Jack. First of all, I want to apologize for offending you. We published this just to show how the tech could be used. We don't actually care about the message. But you do bring up a viable point, that for some people - this might be an issue, so I take this post down.
What European universities would you recommend?
How about you don't associate with a left leaning partisan news site assuming all video game artists lean the same way. I'll be blocking your content from here on out.
Max Therry shared some thoughts about some of the hardware you can use for photogrammetry experiments. Make sure to check out the blog photogeeky.com for more photo insights.
If you’re into creating high-quality game assets, you probably know that not everything can be done easily or efficiently with 3D sculpting software. That’s where photogrammetry comes in. Photogrammetry is the process of taking multiple photos of a real-world object and using software to generate the mesh and texture data. When done well and with the right objects (rocks, pine cones, trees, etc.), the end result will provide an extremely detailed 3D asset in much less time than it would take to create it from scratch.
Assets created with the Unity Photogrammetry workflow
So what camera should you use to get started? Here’s a quick run-down.
Photogrammetry is very forgiving camera-wise—you can get acceptable results with just about any decent camera, including a smartphone or a compact camera. The key word here is ‘acceptable.’ Your end results won’t be a good as if taken with a DSLR and you might forfeit any gains in time with having to take more photos (to compensate for lack of quality) and having to do more image processing in general. Your best results will come from a camera that allows for manual control, shoots in Raw has an in-camera histogram, and ideally has interchangeable lenses. In short, a mirrorless camera or a DSLR will be your best bet for most projects, yet there will be times when a GoPro or even a drone will come in handy.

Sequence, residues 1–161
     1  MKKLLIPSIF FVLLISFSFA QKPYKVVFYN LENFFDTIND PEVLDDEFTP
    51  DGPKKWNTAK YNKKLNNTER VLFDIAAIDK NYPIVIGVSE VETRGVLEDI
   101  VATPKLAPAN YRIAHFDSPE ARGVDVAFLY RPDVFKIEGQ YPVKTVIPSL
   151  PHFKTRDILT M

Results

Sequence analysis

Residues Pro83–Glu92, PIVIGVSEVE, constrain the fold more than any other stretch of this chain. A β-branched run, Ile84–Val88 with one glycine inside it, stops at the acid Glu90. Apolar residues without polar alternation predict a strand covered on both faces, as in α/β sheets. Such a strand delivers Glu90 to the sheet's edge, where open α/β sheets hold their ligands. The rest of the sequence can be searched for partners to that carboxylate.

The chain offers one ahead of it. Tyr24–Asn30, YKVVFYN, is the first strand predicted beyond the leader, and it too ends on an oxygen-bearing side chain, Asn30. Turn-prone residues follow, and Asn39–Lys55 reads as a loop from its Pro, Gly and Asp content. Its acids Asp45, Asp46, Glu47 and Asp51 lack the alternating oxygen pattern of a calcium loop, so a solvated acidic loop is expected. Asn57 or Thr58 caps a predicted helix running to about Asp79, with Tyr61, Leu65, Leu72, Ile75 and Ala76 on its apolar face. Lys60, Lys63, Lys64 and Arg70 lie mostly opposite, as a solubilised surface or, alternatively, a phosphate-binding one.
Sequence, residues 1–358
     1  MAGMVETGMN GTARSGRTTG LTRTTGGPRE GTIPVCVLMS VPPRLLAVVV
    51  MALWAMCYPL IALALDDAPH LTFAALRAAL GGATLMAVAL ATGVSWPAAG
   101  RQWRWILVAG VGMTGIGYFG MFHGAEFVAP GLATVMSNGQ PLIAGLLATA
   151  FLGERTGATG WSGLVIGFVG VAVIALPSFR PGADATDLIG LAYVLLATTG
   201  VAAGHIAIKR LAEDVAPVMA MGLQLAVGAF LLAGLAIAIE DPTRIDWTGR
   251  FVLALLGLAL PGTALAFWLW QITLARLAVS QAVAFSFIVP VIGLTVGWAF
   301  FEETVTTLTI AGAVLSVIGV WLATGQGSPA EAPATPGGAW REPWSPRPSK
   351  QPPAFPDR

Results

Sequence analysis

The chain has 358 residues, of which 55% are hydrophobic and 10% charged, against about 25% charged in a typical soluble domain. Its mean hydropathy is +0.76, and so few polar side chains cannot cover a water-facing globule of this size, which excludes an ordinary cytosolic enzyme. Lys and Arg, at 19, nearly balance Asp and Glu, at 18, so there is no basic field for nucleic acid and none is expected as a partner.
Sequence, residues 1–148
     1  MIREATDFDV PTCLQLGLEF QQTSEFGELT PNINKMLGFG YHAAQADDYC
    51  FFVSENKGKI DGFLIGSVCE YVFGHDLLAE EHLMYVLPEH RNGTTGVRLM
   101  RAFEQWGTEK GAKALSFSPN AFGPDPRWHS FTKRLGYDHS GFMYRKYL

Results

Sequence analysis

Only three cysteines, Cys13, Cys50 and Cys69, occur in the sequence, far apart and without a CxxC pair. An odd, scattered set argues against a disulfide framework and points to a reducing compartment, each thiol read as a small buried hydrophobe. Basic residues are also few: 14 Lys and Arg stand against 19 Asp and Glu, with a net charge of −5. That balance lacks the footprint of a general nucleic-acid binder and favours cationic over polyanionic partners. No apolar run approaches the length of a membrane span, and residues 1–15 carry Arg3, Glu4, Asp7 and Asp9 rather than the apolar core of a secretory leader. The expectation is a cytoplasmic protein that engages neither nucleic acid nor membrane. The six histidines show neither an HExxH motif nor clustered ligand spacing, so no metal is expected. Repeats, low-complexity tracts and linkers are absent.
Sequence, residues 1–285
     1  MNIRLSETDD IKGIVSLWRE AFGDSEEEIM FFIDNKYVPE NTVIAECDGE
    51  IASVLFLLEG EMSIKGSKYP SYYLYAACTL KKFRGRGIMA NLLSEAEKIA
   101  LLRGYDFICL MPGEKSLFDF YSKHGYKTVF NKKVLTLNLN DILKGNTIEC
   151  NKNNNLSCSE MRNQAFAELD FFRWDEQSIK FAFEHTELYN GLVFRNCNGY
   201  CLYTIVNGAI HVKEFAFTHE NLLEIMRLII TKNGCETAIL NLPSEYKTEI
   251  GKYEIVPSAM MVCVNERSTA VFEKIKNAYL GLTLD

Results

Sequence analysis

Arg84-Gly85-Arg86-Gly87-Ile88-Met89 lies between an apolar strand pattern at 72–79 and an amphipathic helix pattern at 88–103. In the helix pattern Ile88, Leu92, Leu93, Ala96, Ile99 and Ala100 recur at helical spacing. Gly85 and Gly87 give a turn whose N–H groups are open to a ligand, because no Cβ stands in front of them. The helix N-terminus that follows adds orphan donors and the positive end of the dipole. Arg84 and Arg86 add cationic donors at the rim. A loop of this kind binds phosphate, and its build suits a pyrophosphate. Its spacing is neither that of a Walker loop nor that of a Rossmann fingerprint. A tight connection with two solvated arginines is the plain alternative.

The Full Frame Camera
By default, you’ll be taking a large number of photos to get a fully detailed asset, and the better the camera you use, the fewer you’ll have to take. A full frame (FX) camera like the Canon 6D or the Nikon D750 will give you the highest quality output in the least amount of photos. (Both of these are often used for photogrammetry.) Sony also makes some great full frame cameras, but the lenses are pretty pricey, so if you’re looking for the lower end of things, you’ll be better off with a Canon or Nikon.
The DX DSLR or the Mirrorless Camera
Both of these are good options if you’re looking for full control at a (somewhat) lower price point. Which one you choose will really come down to what type of camera you’re into, but the primary benefit of the mirrorless camera is that it’s small and light. As far as cropped-sensor DSLRs are concerned, folks are using a wide variety of DX cameras—none really seem to stand out. In the mirrorless department though, the Sony Alpha a6500 is quite popular in the photogrammetry world. If budget isn’t so much of an issue, the Sony A7RII is also a top pick, as is the Olympus OM-D EM-5 Mark II.